Say what you want about coffee table books, but I really love these large-format, aesthetically-pleasing, cerebrum-numbing tomes. They make great gifts, too.
Sometimes, there’s nothing better than sitting in the living room with a glass of iced tea and a big, shiny picture book for grown-ups. These books speak to the visual side of us all; I’m usually more of a words person, so when these visual moods hit me, I take full advantage. I own several coffee table books and they actually sit on my coffee table. Stacked up, they sort of sum up the surface part of my personality, which might be sort of sad.
For your consideration, here’s a list of some of my favorite coffee table books.
The Clash is my favorite band; you’ve heard them before, probably. (Here’s a link to some of their music.) I own several non-fiction books about them, but it wasn’t until about a month ago that I owned this fantastic volume. It’s bright pink, which is neat, but it also contains the most complete listing of Clash shows, concerts, and venues that I’ve ever seen. There are extensive interviews with the band’s members and loads of photographs. For a Clash-obsessed person like me, this is a great book to own. However, it also makes me sad; Joe Strummer, the lead singer of The Clash, died in 2002. Mick Jones, on the other hand, who was The Clash’s lead guitarist and supporting vocalist, is still alive and kicking. He is currently working on a really cool project, the Rock N Roll Public Library.
I love Stephen King, as you are all painfully aware. Reading this book made my fascination with him even more acute. Bev Vincent has included photos I’ve never seen before, replica manuscript pages that reside in pockets throughout the book, anecdotes about writing various novels, and more Stephen King content than you could possibly need (but probably want). I flip through this book once a week or so, and every time, I find something I didn’t know about King.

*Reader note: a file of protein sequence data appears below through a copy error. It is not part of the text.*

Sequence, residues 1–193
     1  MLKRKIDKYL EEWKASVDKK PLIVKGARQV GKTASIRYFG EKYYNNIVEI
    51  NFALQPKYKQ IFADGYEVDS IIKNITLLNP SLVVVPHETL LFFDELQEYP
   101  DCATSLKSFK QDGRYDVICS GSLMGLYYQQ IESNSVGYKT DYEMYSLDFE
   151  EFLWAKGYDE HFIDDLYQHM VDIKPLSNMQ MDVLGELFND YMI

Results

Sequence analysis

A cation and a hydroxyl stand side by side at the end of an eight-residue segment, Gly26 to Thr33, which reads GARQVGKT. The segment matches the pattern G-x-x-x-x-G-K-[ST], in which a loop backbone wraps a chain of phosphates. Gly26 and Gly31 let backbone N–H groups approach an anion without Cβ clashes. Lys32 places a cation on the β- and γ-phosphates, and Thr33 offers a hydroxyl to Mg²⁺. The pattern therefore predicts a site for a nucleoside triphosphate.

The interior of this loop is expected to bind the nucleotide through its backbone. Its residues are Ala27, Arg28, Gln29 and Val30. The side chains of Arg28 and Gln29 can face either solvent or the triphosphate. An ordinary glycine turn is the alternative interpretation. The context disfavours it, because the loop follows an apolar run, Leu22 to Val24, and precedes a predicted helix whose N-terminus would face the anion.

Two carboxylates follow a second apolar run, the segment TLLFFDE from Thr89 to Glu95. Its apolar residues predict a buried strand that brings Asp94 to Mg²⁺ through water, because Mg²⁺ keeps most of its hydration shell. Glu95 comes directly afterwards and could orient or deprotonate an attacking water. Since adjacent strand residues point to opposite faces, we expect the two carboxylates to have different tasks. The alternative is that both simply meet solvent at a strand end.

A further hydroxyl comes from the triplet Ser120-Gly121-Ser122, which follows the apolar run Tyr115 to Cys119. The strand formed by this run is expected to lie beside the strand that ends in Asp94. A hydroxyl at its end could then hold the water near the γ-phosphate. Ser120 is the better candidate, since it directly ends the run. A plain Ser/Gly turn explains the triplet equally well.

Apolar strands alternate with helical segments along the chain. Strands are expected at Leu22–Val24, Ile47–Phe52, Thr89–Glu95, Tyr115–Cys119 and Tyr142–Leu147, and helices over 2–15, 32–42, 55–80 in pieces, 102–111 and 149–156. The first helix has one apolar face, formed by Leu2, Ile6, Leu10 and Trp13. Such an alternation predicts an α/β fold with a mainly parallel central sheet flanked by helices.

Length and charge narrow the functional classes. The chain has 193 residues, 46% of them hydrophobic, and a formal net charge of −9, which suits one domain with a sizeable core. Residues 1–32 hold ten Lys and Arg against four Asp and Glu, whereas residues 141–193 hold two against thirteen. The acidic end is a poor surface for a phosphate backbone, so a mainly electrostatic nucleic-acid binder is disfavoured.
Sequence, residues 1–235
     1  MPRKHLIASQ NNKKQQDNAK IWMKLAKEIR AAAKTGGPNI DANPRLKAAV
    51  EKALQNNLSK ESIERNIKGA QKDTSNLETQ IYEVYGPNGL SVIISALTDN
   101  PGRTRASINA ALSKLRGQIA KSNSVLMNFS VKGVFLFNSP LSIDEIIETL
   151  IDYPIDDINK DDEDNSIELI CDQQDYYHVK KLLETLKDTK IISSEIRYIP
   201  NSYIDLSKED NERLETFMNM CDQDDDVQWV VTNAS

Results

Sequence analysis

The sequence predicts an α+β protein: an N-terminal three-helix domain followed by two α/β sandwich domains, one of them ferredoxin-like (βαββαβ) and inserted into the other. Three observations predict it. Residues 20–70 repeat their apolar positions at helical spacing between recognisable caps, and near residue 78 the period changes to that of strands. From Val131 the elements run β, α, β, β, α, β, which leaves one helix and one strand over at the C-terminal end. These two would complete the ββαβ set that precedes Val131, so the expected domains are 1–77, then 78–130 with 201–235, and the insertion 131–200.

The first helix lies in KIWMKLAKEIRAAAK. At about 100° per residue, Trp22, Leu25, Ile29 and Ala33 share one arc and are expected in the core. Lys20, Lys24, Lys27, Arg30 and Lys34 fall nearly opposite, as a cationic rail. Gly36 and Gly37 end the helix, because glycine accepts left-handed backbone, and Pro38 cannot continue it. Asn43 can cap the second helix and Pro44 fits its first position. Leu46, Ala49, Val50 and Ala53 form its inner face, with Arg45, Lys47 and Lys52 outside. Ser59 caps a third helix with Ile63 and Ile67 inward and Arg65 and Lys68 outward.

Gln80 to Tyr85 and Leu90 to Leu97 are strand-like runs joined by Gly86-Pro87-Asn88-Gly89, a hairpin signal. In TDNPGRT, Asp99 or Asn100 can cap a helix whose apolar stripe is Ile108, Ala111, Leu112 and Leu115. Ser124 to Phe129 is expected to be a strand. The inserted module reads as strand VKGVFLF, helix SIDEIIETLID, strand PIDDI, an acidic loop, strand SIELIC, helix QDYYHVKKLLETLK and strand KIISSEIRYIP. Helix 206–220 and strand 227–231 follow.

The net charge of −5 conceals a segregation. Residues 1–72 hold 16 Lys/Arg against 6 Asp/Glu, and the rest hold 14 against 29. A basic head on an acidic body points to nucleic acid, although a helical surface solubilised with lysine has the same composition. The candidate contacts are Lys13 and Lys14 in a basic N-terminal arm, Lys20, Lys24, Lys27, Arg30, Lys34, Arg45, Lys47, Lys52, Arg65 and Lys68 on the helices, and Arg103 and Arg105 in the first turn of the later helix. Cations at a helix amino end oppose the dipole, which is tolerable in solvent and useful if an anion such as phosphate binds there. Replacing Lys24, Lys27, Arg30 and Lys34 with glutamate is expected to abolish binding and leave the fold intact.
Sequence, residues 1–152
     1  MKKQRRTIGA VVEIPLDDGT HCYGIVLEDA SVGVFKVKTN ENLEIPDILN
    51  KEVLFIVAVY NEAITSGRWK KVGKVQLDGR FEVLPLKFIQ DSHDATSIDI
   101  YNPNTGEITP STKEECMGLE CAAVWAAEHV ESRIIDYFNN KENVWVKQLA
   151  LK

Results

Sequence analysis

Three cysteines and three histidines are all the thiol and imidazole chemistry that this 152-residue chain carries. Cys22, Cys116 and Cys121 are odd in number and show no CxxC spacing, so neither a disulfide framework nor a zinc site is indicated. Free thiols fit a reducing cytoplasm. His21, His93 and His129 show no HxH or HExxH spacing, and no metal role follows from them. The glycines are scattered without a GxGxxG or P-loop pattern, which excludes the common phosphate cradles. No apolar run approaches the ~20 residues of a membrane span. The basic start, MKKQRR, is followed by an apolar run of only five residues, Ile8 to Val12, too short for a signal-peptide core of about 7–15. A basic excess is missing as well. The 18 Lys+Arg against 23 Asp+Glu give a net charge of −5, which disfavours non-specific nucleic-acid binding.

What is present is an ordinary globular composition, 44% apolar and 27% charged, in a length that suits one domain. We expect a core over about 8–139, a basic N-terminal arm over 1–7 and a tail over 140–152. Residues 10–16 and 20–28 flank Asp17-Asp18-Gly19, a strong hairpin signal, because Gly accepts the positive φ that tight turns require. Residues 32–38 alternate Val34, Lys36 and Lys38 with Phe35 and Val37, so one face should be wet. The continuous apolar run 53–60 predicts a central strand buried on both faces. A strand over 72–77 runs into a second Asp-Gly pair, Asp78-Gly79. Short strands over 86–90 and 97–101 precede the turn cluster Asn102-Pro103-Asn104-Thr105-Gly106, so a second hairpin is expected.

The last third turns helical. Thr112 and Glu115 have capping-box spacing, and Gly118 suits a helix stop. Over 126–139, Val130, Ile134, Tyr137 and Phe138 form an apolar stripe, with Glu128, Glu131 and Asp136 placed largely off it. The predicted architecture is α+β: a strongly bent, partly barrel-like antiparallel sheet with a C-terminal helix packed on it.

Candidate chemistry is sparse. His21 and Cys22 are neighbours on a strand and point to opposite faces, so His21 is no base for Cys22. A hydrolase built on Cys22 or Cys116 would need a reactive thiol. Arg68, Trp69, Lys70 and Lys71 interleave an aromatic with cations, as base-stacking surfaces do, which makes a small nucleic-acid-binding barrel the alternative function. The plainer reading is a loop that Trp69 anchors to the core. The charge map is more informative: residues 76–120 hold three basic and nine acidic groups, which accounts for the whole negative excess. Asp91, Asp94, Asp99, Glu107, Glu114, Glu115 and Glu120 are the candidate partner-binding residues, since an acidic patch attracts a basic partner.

Most of the time, I think I was born about sixty years too late. Maybe even seventy or eighty years too late. I would have done quite well in the 1920s, 30s, or 40s, and I would have looked good doing it. I have gone as a pin-up girl for Halloween at least three times; I love the aesthetic and the glamour of that era. This coffee table book was another gift, and another one that I treasure. The book divides pin-up art by era and then by artist. If you appreciate both art and sassy ladies, this book deserves a place on your table.
You know his work: the baby radiating beams of light, the dogs jumping through each other’s stomachs, the joyful figures vibrating with life. Keith Haring was one of the great pop artists, and he died in 1990 from complications from AIDS. I mention this because a lot of his art deals with AIDS/HIV prevention and homosexuality in general. I saw an exhibit of his art at the Whitney Museum in 1997, when I was twelve. It was amazing, and this book contains images of many of the pieces of art I saw that day. Haring’s art isn’t as prevalent as it used to be, which, to me at least, is a shame.
Open Here: The Art of Instructional Design by Paul Mijksenaar and Piet Westendorp
As far as art goes, I tend to like things along the lines of Keith Haring: colorful,bold, and weird. I also like instructional drawings, like the little scissors on packets of instant noodles, or the card in the back of the airplane seat that tells you how to use your flotation device. I never really thought about how to visually depict motion so that people from all walks of life can understand the instructions, but it’s harder than you would think. This book contains examples from all over the globe, and it made me think about how difficult it must be to get one’s point across visually. (It also makes me think of this.)
What do you peruse when you have some idle time? Let us know in the comments!